We spoke no further of it, and I returned to my home in London. Several months later, she called me with the news that Jennifer had been diagnosed with cerebral palsy. Her prognosis was grim and the doctors had recommended to her parents that she be institutionalized. “Which, of course, you know, without me telling you, that they refused,” my mother added.

“Well, thank god she has the parents she does,” I concluded.

I heard only the worst of Jennifer’s progress over the next six years. She was confined to a wheelchair, was spastic in all her limbs, had voluntary use of only two fingers on her left hand and was non-verbal. Her parents became tireless advocates for the disabled, tried every new therapy and treatment known to man. Jennifer lived at home, and for all her disabilities, I knew that she was happy.

I returned for a vacation about the time Jennifer was seven. I spoke to her mother on the phone and she told me of Jennifer’s distinct love of horses. I don’t know what made me say it, but I immediately suggested that she bring Jennifer out to my parent’s acreage for a ride. My family had been breeding Morgan horses for some years and we had a beautiful bay mare with the soul of an angel. I guess I figured she and Jennifer would be a good fit.

My mother was shocked and horrified that I would even consider putting so frail a child, who could not sit up unaided, on a horse, least of all her favorite mare. “I’ll ride with her and hold her up,” I retorted. We battled it out, neither one giving in, until Jennifer and her family arrived for their visit the next day.

I had saddled up the mare, Topaz, and was working at the futile business of ‘wearing her down’. So intent on this was I that I had failed entirely to note the arrival of my friends, who stood along the fence watching me ride a mare with the indefinable spirit of a show horse. Suddenly, my idea didn’t seem so clever; how could I put a child on this mare, so full of fire and razzmatazz?

My awareness returned to the present and I saw a little child in a wheelchair, looking at me with a gaze I immediately recognized-that of a horse crazy kid. Her eyes sparkled and her mouth was wide open and a steady stream of saliva was trickling down her chin. Her head tipped back and a squeal of delight rose up into the branches of the old mulberry tree.

Whatever discomfort I felt at the sight of Jennifer and the reality of her disabilities was quickly overshadowed by Topaz’s fascination with her. When I rode the mare over to their group, she dropped her head and looked Jennifer in the eye. Jennifer reached out to touch her, awkwardly, with those two fingers of hers and Topaz moved towards the caress, only to find the child’s fingers up her nostril. The mare never moved her head and all the introductions were completed with Jennifer’s fingers up Topaz’s nose.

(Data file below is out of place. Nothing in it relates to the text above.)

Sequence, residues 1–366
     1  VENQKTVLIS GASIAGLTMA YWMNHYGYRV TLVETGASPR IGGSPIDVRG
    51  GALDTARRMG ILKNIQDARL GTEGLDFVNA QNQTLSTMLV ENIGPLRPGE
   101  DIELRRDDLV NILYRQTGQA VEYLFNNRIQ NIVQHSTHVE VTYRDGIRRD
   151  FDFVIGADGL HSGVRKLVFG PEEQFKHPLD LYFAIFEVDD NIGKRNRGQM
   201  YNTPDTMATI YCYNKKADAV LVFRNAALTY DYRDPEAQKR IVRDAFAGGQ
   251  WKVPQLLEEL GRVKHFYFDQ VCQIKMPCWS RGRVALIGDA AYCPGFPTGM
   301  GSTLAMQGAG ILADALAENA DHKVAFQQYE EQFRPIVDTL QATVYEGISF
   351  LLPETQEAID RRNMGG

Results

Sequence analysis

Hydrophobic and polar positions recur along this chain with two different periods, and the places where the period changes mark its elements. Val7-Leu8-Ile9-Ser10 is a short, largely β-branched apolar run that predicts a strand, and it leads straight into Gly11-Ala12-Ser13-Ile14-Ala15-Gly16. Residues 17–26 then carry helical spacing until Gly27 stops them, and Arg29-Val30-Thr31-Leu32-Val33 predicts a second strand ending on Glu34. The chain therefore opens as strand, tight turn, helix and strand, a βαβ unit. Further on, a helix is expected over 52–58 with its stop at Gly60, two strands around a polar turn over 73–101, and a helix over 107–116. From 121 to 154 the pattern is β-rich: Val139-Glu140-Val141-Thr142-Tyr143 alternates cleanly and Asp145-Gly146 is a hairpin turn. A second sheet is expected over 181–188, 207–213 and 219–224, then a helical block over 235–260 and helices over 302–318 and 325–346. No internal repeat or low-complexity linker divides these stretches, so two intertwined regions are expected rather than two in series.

All of my concerns at that moment, dispersed. I instructed Jennifer’s mother to slowly raise Jennifer up to the saddle, where we arranged her in front of me. It soon became apparent that I was not going to be able to use the reins and hold Jennifer at the same time, so I renewed my faith and prayed to every god I could imagine and some that I made up, to watch over us. My prayers were answered.

Topaz lowered her head and walked, careful to support the awkwardness of both her riders. She took slow steps and made wide, gentle turns when I asked her with only my legs to guide her. I could not see Jennifer’s face, but I could feel her smile in my arms. Her mother and my mother were standing along the fence watching, both smiling, both with tears streaming down their faces. It was perfect, beautiful and profound.

It was so easy, so simple to make this child’s dream come true. The sheer impossibility of it, just vanished with the breeze, and so did Jennifer’s disabilities. What became increasingly clear to me was that the emphasis should be placed on what was possible. A seven year old child gave me a vision of what life could be, without a single word, but with peels of laughter.

It took me six more years to hear the call to action. Looking back, it was the first of several epiphanies directly involving Jennifer. I decided to take control of my life, moved back to America and started working full time with the horses. Jennifer was not far behind. I immersed myself in research about riding for the disabled and developed a pilot program for Jennifer, involving Topaz and several volunteers.

Again, it was easy. People got hooked. Their astonishment always gave way first to tears and then to abject joy in Jennifer’s presence. She had charisma that radiated off her in waves. One volunteer said, “When I leave here [after helping Jennifer ride] I feel like I can do anything!” We were all under the impression that we were helping Jennifer, when, in fact, I believe the opposite was true: Jennifer was helping us.

[To be continued...]

Monday, October 26, 2009

Chester Weber:Carriage Driving-Indoor Driving Trial

Indoor Driving Trials

This is something I have brewing in the back of my mind... The winter months in Iowa seem to go on a very long time and breaking them up with a spiffy trial like Chester Weber demonstrates in the above video would be quite exciting. Note: he traveled to Toronto from Florida. Iowa isn't that far away in those terms. With that new indoor facility at the Iowa State Fairgrounds...Winter is coming...

Kind Regards,
Michelle Blackler
Serendipity is an Accidental Sagacity Corporation Company.